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Calendula officinalis – Marigold… How it Can Benefit your Pet!


Family: Asteraceae

 

Calendula is one of the important ingredients in Nature’s Pet Paw Salve and Ear Cleansing Solution!

We love learning and understanding the medicinal benefits of the herbal medicine that we’ve use for a long time in our formulas and we’re happy to share this information.


Calendula officinalis Linn. (CO), as an important plant within traditional medicine, has found applications in the food industry as well as the pharmaceutical industry owing to the presence of secondary metabolites in the plant. The Calendula genus covers approximately 25 species. Calendula officinalis Linn. (CO) is the most studied species of Calendula. It has been used medicinally since the 12th century and is known as English Marigold, Pot Marigold, Holigold, Mary Bud, Marybud, or Mary Gowles. The name Calendula originates from the Latin term “calends” denoting the first day of each month when the Calendula flower blooms. Along with this, Calendula has also been referred to as the “herb of the sun”, considering the efflorescence of Calendula flowers in the morning and their shriveling in the evening. For a long period, this traditional herb has been used to treat minor burns, wounds, and skin problems. Currently used CO medicines include pot marigold tincture and carophyllenic ointment, which both contain carotenoids derived from the flowers.


CO is a self-seeding, annual plant species that grows to a height of 12–18 inches and is found near warm and humid atmospheric conditions. A 5 to 7 cm composite flower head rests on the plant’s stem. CO powder is a yellowish-brown powder with a distinctive aromatic smell and a mildly bitter taste. CO plants are abundantly seen in Central Europe and the Mediterranean regions. It is also found in Middle Eastern countries, specifically Cyprus, Turkey, and Iran. In addition, Calendula cultivation has also been observed in India and China on a larger scale.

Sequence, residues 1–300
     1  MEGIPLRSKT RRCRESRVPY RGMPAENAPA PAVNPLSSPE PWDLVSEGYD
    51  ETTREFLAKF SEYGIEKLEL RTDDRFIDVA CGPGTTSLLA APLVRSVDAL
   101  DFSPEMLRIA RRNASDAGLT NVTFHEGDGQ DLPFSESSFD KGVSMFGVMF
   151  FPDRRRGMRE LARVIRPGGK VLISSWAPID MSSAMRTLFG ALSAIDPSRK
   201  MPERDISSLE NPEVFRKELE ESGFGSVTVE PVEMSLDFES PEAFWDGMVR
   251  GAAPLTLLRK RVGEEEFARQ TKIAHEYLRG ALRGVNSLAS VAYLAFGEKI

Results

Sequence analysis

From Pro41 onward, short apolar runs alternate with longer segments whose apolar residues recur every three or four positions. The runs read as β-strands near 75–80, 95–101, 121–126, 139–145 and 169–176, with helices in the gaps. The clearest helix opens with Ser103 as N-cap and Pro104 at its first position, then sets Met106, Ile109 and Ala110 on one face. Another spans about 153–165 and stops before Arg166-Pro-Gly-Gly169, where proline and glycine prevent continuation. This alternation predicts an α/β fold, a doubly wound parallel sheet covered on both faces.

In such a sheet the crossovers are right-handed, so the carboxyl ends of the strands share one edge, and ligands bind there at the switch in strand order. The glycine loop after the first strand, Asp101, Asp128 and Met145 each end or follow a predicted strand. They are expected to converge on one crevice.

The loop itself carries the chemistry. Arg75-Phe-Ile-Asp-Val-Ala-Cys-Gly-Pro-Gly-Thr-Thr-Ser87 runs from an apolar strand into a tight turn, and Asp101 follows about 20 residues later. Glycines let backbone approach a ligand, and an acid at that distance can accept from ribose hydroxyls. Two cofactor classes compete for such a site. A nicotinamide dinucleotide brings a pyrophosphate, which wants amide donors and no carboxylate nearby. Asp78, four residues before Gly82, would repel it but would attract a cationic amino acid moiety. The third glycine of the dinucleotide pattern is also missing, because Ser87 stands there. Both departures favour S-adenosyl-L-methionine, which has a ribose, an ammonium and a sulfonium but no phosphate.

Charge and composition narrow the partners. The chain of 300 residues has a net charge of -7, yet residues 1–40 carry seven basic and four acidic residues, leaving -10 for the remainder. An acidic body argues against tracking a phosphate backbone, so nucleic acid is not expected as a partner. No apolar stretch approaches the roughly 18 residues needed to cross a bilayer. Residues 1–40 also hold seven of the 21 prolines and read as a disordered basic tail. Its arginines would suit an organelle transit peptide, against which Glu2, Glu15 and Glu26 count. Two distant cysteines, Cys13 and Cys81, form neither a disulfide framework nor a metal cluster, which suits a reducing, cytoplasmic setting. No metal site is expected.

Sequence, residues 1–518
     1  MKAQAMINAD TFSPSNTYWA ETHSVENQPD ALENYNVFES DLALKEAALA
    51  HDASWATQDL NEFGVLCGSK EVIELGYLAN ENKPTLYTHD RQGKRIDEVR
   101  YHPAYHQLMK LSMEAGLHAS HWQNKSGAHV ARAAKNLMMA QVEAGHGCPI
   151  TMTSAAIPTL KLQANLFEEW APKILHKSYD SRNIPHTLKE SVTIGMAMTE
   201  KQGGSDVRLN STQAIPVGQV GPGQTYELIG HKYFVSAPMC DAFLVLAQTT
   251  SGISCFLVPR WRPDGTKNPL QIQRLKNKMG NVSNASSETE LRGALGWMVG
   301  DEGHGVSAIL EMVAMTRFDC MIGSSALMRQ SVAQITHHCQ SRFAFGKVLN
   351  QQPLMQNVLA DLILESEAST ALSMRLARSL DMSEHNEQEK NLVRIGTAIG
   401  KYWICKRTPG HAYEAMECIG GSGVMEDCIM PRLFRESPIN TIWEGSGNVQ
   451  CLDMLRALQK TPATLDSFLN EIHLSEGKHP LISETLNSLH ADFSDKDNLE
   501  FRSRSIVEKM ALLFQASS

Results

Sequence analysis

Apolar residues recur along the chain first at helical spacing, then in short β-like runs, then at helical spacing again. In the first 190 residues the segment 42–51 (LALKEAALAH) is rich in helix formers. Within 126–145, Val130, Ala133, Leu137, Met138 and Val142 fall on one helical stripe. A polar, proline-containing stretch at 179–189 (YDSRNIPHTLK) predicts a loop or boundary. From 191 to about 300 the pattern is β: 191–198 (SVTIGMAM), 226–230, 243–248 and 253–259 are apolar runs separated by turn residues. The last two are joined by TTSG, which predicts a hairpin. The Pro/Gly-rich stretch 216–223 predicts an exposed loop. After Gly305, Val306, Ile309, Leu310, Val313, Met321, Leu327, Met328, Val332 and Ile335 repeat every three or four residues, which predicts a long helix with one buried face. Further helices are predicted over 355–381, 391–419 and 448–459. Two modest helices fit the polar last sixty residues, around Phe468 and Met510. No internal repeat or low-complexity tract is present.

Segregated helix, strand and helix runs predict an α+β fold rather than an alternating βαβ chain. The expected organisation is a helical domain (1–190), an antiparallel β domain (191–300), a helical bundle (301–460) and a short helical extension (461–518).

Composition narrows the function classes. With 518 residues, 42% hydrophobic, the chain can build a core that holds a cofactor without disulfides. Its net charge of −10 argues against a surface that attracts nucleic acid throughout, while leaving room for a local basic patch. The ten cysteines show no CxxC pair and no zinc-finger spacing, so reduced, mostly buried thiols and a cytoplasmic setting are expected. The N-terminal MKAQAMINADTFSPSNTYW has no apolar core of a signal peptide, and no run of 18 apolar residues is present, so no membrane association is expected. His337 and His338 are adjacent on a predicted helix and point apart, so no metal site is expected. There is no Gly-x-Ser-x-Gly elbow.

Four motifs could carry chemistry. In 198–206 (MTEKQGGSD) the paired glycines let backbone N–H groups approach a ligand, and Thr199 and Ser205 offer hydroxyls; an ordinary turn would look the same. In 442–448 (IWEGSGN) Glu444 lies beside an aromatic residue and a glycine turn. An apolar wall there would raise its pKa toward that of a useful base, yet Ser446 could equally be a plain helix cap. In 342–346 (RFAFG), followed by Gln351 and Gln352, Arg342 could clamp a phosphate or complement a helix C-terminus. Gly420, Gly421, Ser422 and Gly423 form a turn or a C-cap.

It is considered a safe medication when considering its therapeutic potential with a proper dose and other pharmacological indications.

 

Chemical Composition

 

Some of the important components in CO pharmacological activities belong to different classes of chemical compounds:

Carotenoids

The flower of CO, which is primarily orange, has high levels of carotenoids. Carotenoids are predominantly known for their antioxidant activity through a radical scavenging mechanism, which makes them extremely useful in the pharmacotherapy of oxidative disorders. The same antioxidant potential and their ability to form artificial cross-linkage make them possess wound-healing action.

Terpenoids

Terpenoids, which are primarily present in flowers and roots of CO, are mostly known for their antioxidant activity. It shows a significant role in the management of diseases and disorders involving oxidative reactions such as skin hyperpigmentation, and diabetes-related complications. In addition to this, terpenoids have extensive anti-inflammatory action.

Flavonoids

Flavonoids present in CO, especially quercetin, have significant wound-healing activity.   Furthermore, other constituents of CO are known to have skin-protective action through the antioxidant mechanism.

Coumarins

Coumarins, which are significantly found in flowers of CO, may prevent oxidative damage to cells. Using the antioxidant mechanism of action, it acts as a skin-protective agent, especially in sunscreen products.